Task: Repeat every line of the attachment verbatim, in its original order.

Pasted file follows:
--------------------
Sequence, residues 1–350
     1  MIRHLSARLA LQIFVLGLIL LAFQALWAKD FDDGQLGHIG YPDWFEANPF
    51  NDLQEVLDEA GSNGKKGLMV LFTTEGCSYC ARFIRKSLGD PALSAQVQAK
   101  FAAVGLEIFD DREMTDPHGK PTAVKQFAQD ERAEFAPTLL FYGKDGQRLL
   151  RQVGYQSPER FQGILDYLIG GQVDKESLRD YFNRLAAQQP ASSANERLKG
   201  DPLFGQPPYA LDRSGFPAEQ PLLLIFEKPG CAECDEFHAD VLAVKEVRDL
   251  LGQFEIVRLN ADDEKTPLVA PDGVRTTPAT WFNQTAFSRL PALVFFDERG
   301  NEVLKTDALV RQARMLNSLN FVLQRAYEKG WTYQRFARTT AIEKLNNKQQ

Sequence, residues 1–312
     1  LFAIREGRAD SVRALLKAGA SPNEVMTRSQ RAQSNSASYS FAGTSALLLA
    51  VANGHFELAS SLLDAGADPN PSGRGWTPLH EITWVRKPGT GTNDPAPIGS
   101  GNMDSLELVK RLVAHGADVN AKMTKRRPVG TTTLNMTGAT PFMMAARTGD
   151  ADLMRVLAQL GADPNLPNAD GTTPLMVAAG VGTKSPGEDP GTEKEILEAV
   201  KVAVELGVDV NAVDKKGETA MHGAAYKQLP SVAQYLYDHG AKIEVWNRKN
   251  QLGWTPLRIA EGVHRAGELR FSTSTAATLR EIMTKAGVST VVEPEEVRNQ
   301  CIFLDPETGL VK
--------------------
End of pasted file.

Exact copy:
Sequence, residues 1–350
     1  MIRHLSARLA LQIFVLGLIL LAFQALWAKD FDDGQLGHIG YPDWFEANPF
    51  NDLQEVLDEA GSNGKKGLMV LFTTEGCSYC ARFIRKSLGD PALSAQVQAK
   101  FAAVGLEIFD DREMTDPHGK PTAVKQFAQD ERAEFAPTLL FYGKDGQRLL
   151  RQVGYQSPER FQGILDYLIG GQVDKESLRD YFNRLAAQQP ASSANERLKG
   201  DPLFGQPPYA LDRSGFPAEQ PLLLIFEKPG CAECDEFHAD VLAVKEVRDL
   251  LGQFEIVRLN ADDEKTPLVA PDGVRTTPAT WFNQTAFSRL PALVFFDERG
   301  NEVLKTDALV RQARMLNSLN FVLQRAYEKG WTYQRFARTT AIEKLNNKQQ

Sequence, residues 1–312
     1  LFAIREGRAD SVRALLKAGA SPNEVMTRSQ RAQSNSASYS FAGTSALLLA
    51  VANGHFELAS SLLDAGADPN PSGRGWTPLH EITWVRKPGT GTNDPAPIGS
   101  GNMDSLELVK RLVAHGADVN AKMTKRRPVG TTTLNMTGAT PFMMAARTGD
   151  ADLMRVLAQL GADPNLPNAD GTTPLMVAAG VGTKSPGEDP GTEKEILEAV
   201  KVAVELGVDV NAVDKKGETA MHGAAYKQLP SVAQYLYDHG AKIEVWNRKN
   251  QLGWTPLRIA EGVHRAGELR FSTSTAATLR EIMTKAGVST VVEPEEVRNQ
   301  CIFLDPETGL VK